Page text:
Why Georgia? Cui Bono?
Last update - 11:49 17/01/2008
Israel proposes crude pipeline from Georgia to Eastern Asia
By Avi Bar-Eli
Tags: Israel, crude oil, Far East
Israel may be on its way to becoming a crude oil transport bridge to the Far East. The Eilat-Ashkelon Pipeline Company (EAPC) is leading an international initiative to channel crude oil from Jihan in southeast Turkey to eastern Asia, using its infrastructure in Israel. A consortium of energy firms and international shipping companies will manage the initiative, and a memorandum of understanding is expected to be signed within three months.
The oil would be pumped in Georgia and Azerbaijan, and be brought to Turkey by pipeline. From Turkey it will be shipped by tanker to Ashkelon, whence it would be transported by pipeline to Eilat. In Eilat, the oil wilbe be loaded onto a new set of tankers for transportation to eastern Asia.
The Ashkelon-Eilat Pipeline Company is a privately owned firm, owned jointly by Israel and the government of Iran. Tehran is currently not an active partner, and it and Israel are involved in international arbitration.
EAPC recently completed a trial run. A Turkish tanker of crude oil came to Ashkelon, and EAPC transported the oil to Eilat. A tanker owned by an international trading company awaited the shipment at the petroleum distillates port in Eilat, loaded the oil, and took it to an east Asian port. Loading of the tanker in Turkey, shipment to Israel and subsequent piping to Eilat was completed in about five days.
The project's entrepreneurs calculate that the savings to East Asian oil importers in time and costs generated by a regular transport line between Turkey and Israel could amount to $4 per ton, when compared with the cost of using the Suez Canal. Such a savings justifies investment in the project, as the cost of oil soars and growth rates in the developing nations of East Asia, and China and India in particular, continue to rise.
The EAPC aims to reach a final agreement on establishment of a regular transport line with leased 250,000-ton tankers ("shuttles") moving the oil between Turkey and Israel, and 280,000 to 320,000-ton tanker shuttles used to transport through the Red Sea to the east. Shipment through the Suez Canal is limited to tankers with a maximum capacity of 130,000 tons.
The initiative includes construction of a reservoir farm for storage of oil in Jihan, and infrastructure at Jihan port, in southern Turkey, for loading oil into tankers. The cost is expected to reach an estimated $200-$300 million, and the company is already in final stages of partnership negotiations with Turkish firms and an Indian energy company, for financing of the project. Simultaneously, the EAPC's board of directors has approved expansion of its reservoir farm on the Ashkelon coastline by 20%, at the cost of an estimated at $60-$80 million, to be self-financed by the company.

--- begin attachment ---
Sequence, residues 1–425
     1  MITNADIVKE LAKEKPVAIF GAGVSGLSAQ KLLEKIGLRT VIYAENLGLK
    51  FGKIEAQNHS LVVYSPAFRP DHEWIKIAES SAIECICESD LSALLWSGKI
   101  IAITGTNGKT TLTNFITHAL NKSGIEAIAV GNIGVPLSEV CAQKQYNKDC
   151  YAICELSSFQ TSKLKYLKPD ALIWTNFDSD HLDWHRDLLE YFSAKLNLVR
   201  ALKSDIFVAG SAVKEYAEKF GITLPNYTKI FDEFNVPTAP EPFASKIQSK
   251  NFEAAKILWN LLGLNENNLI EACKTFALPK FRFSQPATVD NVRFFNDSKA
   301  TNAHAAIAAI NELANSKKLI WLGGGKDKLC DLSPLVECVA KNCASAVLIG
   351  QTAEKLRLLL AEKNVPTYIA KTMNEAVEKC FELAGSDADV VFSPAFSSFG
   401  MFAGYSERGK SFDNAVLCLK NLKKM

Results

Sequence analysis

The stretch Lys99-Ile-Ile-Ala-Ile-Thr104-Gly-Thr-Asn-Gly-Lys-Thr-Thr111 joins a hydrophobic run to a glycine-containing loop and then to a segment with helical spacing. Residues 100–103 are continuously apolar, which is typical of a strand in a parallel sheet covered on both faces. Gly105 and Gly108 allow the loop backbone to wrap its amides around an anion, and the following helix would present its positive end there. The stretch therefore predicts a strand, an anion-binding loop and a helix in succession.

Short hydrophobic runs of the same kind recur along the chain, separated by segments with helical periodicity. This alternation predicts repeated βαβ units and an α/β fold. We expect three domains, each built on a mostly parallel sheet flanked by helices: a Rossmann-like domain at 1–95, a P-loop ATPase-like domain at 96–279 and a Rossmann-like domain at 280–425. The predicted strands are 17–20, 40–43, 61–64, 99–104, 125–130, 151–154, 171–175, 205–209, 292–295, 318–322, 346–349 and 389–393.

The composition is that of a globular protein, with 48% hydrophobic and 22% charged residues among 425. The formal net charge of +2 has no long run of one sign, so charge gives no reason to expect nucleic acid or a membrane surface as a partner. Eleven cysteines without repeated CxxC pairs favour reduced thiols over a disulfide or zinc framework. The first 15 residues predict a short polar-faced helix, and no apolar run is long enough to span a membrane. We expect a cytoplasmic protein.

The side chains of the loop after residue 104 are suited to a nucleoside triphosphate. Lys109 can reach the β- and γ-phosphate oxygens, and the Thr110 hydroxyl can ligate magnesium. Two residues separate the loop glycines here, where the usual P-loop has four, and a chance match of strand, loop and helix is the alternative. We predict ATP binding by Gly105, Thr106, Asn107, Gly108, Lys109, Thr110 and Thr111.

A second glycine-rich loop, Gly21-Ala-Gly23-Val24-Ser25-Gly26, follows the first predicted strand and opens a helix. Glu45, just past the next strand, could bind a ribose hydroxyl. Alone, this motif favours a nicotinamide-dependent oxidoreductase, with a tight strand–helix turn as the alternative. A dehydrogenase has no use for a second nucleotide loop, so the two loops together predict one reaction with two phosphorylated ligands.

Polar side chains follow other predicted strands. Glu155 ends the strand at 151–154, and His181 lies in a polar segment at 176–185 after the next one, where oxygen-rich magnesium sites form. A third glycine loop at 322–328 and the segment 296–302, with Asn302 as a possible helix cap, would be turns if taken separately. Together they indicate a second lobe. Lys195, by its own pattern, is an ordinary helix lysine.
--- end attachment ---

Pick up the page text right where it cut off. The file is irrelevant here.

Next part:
The company is currently able to pipe about 20 million tons of oil to Eilat annually. According to its business plan, construction of another pumping station, at a cost of $10 million, will double its capacity to 40 million tons of oil, thus generating tens of millions of dollars in additional revenues each year. The initiative was conceived with the completion of the BIC project, the 1,760-kilometer pipeline connecting Baku, Azerbaijan, on the Caspian Sea, to the Jihan port. The pipeline is now used to transport some 30 million tons of top quality "Azeri Light" crude oil annually, an amount scheduled to increase to about 50 million tons annually within the next few years.
Establishment of the pipeline will bring an increase of 20% in the amount of oil moving in the Mediterranean area, and is expected to result in lower prices, and attract the interest of Far Eastern countries eager to expand their sources.
Turkey also intends to lay another pipeline, between Samsun, on the Black Sea coast, and Jihan. According to the plan, the line will be set to transport an annual 60 million tons of crude oil to Jihan within two years, making the project even more lucrative. The Pipeline Company is currently considering participation in this $1.5-billion project as well, together with other international energy firms.
"This initiative will constitute a breakthrough for the global energy market and the fabric of international relations, which will place Israel as an intermediate country connecting Eurasia and the East, and make a strategic contribution to reducing dependence of the entire world and particularly Eastern Asian countries, on oil from the Persian Gulf," the chair of the Ashkelon-Eilat Pipeline Company, Oren Shachor, told TheMarker early this week. Shachor will present the initiative at the eighth annual Herzliya Conference of the Institute for Policy and Strategy. The conference, which takes place January 20-23, will deal with the balance of Israel's national security.